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Birmingham University Medicine Interview Questions (2023 entry)

About Birmingham Medical School

Birmingham Medical School, part of the University of Birmingham is a well-respected medical school situated in the city of Birmingham that joined the main university in 1900. It is affiliated with Good Hope, Heartlands, Solihull and Royal Wolverhampton Hospitals as well as the Royal Orthopaedic Hospital. As a hub of innovative medical research, students of Birmingham Medical School has a high student satisfaction rate due to their early engagement with outstanding community based learning and the opportunity to learn from staff that shape the future of medical education.

It is ranked 10th by The Times Higher Education Table in 2023 in the UK and 68th in the world by the Times Higher Education Table in 2022.

The course takes a systems-based approach which then in turn encompasses various scientific and medical themes. The programme is split into three phases over 5 years: Phase 1 (Years 1 and 2 are systems teaching based with patient content from as early as week 2 to build up communication skills and confidence with talking to patients); Phase 2 (Year 3 is made up of clinical teaching based through a series of placements to further develop clinical skills as well as a continuation of theoretical teaching) and Phase 3 (Years 4 and 5 are taught as a series of long placements in community and clinical placements to better hone the skills students will need as an FY1 junior doctor).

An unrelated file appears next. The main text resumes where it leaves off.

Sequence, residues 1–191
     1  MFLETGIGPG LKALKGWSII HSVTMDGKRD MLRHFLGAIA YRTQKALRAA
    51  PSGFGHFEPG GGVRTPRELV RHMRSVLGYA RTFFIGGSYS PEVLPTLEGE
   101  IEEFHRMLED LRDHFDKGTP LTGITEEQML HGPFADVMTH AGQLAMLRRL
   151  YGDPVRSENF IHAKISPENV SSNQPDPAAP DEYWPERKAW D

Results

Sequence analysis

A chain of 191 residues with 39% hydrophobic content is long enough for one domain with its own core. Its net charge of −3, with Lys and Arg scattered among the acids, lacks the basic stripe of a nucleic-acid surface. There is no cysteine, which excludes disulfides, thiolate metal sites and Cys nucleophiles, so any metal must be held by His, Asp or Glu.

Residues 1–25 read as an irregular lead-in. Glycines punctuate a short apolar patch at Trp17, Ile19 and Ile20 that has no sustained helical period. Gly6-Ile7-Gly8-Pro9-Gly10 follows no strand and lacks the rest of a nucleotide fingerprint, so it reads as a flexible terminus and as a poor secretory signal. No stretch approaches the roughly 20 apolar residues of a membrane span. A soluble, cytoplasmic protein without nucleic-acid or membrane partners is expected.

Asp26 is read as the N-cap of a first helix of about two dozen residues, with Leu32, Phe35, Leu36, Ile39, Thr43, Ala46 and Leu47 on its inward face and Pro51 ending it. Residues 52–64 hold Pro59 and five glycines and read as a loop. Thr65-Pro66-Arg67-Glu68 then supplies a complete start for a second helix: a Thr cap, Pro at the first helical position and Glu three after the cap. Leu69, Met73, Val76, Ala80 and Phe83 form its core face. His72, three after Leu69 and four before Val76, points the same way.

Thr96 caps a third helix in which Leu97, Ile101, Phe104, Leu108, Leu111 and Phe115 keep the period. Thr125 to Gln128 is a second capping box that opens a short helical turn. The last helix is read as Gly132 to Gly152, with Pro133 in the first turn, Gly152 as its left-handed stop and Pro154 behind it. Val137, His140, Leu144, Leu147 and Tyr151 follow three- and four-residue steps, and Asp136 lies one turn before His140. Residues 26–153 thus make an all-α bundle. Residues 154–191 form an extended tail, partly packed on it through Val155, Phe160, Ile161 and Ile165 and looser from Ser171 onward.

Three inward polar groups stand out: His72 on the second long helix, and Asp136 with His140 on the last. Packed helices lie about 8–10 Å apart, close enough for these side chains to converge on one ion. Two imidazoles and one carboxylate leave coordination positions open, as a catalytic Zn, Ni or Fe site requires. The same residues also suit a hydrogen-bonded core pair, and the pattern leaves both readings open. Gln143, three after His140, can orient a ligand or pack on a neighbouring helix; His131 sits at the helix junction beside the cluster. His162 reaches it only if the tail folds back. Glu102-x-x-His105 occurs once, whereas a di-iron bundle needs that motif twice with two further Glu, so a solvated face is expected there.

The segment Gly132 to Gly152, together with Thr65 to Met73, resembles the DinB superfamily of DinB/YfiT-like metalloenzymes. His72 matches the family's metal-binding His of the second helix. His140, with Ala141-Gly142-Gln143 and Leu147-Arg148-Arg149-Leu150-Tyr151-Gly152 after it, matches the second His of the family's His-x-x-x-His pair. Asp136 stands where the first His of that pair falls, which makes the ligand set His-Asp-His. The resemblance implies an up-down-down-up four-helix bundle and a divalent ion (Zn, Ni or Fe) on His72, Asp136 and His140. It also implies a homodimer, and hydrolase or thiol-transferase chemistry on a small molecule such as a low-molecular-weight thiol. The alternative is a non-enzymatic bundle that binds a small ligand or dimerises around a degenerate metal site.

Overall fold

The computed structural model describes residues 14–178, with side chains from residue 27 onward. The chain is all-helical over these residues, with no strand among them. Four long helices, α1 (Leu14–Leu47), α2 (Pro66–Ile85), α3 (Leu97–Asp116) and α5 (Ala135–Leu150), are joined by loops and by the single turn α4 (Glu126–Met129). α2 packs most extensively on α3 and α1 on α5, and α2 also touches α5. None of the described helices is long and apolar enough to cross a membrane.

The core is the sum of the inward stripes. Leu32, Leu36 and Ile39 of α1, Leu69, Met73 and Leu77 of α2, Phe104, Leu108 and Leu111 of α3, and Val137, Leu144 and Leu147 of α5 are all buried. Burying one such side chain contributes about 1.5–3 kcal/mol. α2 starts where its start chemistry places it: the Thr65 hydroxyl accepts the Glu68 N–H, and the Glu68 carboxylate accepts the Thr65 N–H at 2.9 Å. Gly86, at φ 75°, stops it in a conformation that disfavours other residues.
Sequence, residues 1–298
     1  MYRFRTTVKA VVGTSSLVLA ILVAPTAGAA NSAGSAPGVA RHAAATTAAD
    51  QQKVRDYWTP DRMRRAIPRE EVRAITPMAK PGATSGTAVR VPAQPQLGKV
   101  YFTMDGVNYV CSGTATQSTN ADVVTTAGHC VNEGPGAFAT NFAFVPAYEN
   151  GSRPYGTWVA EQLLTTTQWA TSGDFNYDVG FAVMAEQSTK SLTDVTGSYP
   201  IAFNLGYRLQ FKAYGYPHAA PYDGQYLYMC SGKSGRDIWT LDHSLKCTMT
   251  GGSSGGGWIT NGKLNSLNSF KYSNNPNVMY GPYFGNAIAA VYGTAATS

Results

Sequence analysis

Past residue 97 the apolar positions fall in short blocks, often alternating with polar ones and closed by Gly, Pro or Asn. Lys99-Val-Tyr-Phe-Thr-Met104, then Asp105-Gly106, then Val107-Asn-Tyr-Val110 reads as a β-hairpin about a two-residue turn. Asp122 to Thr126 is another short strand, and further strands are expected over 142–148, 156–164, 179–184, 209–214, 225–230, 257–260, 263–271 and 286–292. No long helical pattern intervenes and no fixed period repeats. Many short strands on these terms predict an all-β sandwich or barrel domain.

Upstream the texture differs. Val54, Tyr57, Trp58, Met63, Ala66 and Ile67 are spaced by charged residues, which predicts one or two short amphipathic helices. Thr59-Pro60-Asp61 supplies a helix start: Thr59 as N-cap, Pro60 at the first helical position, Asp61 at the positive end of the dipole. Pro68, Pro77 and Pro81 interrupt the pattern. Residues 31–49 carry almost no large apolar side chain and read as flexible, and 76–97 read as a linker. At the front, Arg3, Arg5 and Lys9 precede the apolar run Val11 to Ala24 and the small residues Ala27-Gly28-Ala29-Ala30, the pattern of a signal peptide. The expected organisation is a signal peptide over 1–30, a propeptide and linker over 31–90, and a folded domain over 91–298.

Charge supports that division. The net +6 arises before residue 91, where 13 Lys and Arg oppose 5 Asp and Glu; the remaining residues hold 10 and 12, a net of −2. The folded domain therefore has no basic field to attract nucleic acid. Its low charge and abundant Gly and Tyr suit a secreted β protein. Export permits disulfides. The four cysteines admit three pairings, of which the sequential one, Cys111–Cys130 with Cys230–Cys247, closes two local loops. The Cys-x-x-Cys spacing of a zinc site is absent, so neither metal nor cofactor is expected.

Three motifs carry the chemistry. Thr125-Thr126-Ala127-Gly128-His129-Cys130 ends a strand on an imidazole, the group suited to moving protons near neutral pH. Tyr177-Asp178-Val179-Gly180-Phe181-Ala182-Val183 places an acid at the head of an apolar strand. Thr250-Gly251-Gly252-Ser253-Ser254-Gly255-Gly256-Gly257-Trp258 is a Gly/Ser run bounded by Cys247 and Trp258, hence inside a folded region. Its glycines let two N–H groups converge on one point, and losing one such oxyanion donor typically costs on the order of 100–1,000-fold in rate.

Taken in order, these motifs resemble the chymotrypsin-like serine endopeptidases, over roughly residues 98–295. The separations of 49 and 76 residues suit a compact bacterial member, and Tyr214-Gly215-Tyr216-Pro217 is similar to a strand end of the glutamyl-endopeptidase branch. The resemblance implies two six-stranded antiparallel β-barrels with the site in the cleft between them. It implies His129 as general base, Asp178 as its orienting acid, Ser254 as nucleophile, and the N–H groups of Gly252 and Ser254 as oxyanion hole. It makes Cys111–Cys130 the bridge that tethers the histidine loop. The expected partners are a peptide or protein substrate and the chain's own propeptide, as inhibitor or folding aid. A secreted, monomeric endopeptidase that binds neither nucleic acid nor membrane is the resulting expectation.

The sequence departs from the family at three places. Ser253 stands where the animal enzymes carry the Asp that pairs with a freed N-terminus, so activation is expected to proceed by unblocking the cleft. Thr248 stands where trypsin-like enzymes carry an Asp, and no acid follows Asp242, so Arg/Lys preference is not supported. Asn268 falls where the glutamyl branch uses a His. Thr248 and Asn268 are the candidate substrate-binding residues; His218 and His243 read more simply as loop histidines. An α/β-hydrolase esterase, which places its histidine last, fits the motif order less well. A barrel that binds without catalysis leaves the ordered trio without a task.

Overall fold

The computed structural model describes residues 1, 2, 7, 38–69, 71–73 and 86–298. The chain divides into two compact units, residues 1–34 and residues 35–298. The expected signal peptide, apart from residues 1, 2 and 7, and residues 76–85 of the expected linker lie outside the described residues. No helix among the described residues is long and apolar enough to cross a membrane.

There is also the opportunity to intercalate for a year if good standard in examinations throughout the degree is obtained. This provides the opportunity to study a chosen subject in-depth and leads to the award of a bachelor’s degree. You can choose to work on a laboratory-based or community-based project which lends the opportunity to learn how to interpret and analyse medical research data and contribute to the development of evidence-based clinical practice.

Birmingham Medical School Interview Information

😊 How does Birmingham select candidates for interviews?

GCSEs/GCE A Level:

AAA at A level, including Biology/Human Biology and Chemistry (or predicted at least AAA) and these three subjects should normally be taken during the last year of school and grades should be achieved at first sitting

General Studies, Critical Thinking and EPQ and not accepted as a third A level, neither is if you are a non-speaker of English, an A level in your original language of instruction.

Other accepted qualifications include:

  • Scottish Highers, Advanced Highers